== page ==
Who is Mullah Baradar?

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Ron Moreau is South East Asia correspondent for Newsweek magazine. He profiled Mullah Abdul Ghani Baradar last summer and managed to communicate with him through emails. Katy Clark talks with Moreau, who is in the Pakistani capital, Islamabad.

KATY CLARK: Ron Moreau is South East Asia correspondent for Newsweek magazine. He profiled Mullah Abdul Ghani Baradar last summer and managed to communicate with him through emails. Ron Moreau is in Islamabad and joins us now. What was the picture you managed to build up of this man?

RON MOREAU: Well I think the important thing to say about Mullah Baradar is his close relationship with Mullah Omar who is the leader of the Afghan Taliban. They were Madrasas students when they were teenagers together, so they studied the Islamic religion in a southern Afghanistan Madrasa. Then they went to war against the Soviets together. They fought together and Baradar became a member of Mullah Omar's unit. They eventually went off to found their own Mosques in the same area of southern Afghanistan. And then when Mullah Omar started his move against the local warlords in 1994, which ended up with the Taliban winning power in Afghanistan, Mullah Baradar was his right-hand man on the battlefield. So they're very close and he's been a very important figure, both militarily and politically for Mullah Omar.

CLARK: And since Mullah Omar seems to have dropped out of sight, in a sense, and Baradar has been somewhat of a de facto leader, hasn't he? Can you give us an example of how he has been running the Taliban?

MOREAU: Well yes, no he is definitely the de facto leader. He has been in charge of formulating their military strategy, their political strategy and over the last two years its Baradar who's stamp has been on all of the military gains that the Taliban have made throughout Afghanistan. And he's also somewhat of an avuncular figure. He's turned out to be not only a military leader, but also someone who could bring tribes together, get people to join the Taliban and support the Taliban. He comes from an important tribe, the same tribe as Hamad Karsai, the Afghan President. So he's been both a military and a political leader.

CLARK: We had heard last year about this new Taliban Code of Conduct, sort of like a manual of operations for them. Was that Baradar's handiwork?

MOREAU: Well he was involved in it. Everything has ultimately Mullah Omar's stamp on it, but Mullah Baradar is basically the operative head. That was one of the things that he's been trying to do over the last two years, not very successfully, is trying to cut down the number of civilian casualties which are still very high as a result of Taliban booby traps and IEDs. But he's also tried to get the commanders, the actual military commanders on the ground to become more transparent and to be more disciplined in terms of their operating with the people. So he's sacked about 200 commanders and transferred some like 12 Taliban shadow governors, so he's trying to get a little bit of a handle on the most unruly elements in the Taliban.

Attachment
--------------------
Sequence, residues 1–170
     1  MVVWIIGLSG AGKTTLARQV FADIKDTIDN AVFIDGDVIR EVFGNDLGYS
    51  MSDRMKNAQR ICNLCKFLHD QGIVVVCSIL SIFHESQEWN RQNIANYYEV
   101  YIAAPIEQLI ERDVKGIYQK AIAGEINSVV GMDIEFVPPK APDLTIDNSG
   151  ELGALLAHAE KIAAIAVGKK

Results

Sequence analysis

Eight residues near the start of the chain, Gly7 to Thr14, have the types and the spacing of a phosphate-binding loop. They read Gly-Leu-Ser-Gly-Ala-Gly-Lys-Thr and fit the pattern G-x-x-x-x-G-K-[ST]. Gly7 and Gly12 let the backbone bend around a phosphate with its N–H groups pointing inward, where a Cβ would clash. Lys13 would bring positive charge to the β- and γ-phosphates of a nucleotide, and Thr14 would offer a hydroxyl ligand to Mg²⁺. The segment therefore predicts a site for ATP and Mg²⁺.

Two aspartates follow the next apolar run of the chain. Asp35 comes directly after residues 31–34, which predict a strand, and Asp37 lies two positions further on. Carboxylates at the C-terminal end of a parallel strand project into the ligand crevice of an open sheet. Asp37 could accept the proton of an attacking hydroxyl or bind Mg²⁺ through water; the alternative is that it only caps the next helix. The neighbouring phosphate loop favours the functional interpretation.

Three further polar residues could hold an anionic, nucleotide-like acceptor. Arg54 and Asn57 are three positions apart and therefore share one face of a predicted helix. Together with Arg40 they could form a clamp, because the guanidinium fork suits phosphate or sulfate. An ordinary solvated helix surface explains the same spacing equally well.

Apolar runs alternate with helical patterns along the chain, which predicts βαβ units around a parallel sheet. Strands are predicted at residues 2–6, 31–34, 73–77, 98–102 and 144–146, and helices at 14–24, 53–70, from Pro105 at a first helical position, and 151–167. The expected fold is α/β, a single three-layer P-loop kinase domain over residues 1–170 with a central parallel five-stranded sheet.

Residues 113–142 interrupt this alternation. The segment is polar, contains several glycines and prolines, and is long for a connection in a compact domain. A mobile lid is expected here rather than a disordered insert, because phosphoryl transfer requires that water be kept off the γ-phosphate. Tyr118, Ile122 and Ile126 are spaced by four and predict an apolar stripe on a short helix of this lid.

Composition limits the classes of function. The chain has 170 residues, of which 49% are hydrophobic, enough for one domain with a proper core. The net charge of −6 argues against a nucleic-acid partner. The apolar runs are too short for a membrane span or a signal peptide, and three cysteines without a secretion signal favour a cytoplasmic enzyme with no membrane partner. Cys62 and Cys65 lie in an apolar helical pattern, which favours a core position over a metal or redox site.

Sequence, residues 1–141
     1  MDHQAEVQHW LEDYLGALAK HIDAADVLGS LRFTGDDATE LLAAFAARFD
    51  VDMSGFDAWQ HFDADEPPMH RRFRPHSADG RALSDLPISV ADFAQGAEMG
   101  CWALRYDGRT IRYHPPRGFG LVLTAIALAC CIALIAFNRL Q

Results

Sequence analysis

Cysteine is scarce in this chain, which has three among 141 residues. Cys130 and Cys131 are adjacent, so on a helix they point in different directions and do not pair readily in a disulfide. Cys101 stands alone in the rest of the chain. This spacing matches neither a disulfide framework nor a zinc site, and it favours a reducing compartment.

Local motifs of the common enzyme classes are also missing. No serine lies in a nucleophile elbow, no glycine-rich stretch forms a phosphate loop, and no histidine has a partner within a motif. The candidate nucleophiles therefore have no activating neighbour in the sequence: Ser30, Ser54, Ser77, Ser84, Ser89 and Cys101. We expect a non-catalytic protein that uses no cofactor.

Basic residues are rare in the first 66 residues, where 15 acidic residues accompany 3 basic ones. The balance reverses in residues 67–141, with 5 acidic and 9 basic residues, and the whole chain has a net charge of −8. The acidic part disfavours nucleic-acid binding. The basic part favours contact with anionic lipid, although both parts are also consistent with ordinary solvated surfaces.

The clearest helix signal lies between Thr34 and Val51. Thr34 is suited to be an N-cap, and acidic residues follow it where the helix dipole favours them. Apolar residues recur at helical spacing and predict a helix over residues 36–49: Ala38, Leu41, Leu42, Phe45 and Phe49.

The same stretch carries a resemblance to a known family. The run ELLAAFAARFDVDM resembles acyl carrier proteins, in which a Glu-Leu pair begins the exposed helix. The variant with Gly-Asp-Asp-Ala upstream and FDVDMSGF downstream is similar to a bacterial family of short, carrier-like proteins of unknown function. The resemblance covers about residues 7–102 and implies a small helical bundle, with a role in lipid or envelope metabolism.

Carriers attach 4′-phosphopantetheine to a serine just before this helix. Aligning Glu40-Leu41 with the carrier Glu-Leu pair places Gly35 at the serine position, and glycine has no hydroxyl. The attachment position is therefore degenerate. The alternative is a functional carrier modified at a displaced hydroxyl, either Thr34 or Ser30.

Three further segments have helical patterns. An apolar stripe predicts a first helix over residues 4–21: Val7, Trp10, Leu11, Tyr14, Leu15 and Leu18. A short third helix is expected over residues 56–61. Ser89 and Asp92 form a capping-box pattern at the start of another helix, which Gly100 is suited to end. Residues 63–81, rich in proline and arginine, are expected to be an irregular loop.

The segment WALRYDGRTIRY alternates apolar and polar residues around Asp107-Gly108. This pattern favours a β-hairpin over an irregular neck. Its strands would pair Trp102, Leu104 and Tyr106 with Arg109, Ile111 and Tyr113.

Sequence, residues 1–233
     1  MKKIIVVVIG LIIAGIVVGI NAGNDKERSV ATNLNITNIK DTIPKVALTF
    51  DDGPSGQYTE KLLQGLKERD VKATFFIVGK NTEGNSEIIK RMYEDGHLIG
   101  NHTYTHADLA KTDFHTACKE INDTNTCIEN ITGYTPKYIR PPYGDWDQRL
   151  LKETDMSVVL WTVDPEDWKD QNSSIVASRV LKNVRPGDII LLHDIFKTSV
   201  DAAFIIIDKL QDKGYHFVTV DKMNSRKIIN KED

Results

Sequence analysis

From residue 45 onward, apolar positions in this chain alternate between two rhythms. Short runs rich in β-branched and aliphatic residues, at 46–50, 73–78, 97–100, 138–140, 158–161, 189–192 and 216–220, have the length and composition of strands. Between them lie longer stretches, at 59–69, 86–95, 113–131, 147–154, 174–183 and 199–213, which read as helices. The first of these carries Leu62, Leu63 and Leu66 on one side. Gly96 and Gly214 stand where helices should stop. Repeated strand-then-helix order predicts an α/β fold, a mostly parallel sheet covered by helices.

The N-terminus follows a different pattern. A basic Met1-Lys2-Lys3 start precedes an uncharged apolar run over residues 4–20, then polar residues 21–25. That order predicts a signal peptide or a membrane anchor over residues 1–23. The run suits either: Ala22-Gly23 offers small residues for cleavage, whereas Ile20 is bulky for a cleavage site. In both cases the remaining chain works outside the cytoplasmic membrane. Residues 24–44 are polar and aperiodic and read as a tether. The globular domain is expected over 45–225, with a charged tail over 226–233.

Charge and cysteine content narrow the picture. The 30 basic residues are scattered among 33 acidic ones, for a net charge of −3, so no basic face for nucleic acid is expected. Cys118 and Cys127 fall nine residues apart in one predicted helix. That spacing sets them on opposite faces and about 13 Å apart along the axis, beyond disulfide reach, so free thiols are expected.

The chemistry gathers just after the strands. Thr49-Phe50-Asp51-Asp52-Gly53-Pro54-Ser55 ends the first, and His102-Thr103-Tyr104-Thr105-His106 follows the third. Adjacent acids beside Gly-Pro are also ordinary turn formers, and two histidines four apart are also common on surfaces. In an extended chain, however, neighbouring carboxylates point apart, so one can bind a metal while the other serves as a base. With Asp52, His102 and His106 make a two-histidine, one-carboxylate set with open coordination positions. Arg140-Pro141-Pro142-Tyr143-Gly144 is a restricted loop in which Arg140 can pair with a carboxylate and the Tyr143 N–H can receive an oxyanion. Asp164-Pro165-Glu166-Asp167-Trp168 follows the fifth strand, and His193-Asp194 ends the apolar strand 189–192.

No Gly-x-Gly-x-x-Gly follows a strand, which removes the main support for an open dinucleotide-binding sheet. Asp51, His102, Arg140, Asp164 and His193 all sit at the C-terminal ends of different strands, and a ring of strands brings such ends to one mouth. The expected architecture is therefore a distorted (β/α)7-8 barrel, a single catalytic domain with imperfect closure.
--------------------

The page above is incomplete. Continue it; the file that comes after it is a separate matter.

CLARK: Your profile seems to portray him as a very calm, a very pragmatic man. Is that the case?

MOREAU: Oh yeah. That's what his Taliban associates say. They say he's much more patient, he's much less emotive and not so much of a knee-jerk as Mullah Omar was. He's more reasonable and like as I said, he acts more like a tribal chief than a dictator.

CLARK: What is the impact his arrest is likely to have on the Taliban?

MOREAU: Well it's certainly a setback because he's very, very important. But as the Taliban have been telling myself and my Afghan reporter over the last two days, that they've gone through this before. In 2007 they lost two of their senior most commanders. One was killed. One was captured by the Taliban and they still gained momentum after that. And there's probably someone waiting in the wings right now. A Taliban commander named Abdul Kayum Azaki who's been groomed by Baradar so he will probably take over. But I'm sure it's going to be a setback and the Taliban are under an awful lot of pressure right now, militarily, with this new American offensive.

CLARK: Knowing what you know about Baradar, how likely do you think it is that he'll be giving up any intelligence to his interrogators?

MOREAU: I doubt whether he, he may know in fact where Mullah Omar is hiding, but I doubt whether he'd give that up. I'm sure he'd take a cyanide pill before he does that. So I'm not really sure how much actual actionable intelligence they'll get from Baradar. Of course, the Pakistanis are handling him so I suppose there could be torture involved, so it's hard to know. But I doubt whether he will be talking very much.

CLARK: Ron Moreau is Newsweek's South East Asia correspondent. Good to speak with you, thank you.

MOREAU: Okay, my pleasure.

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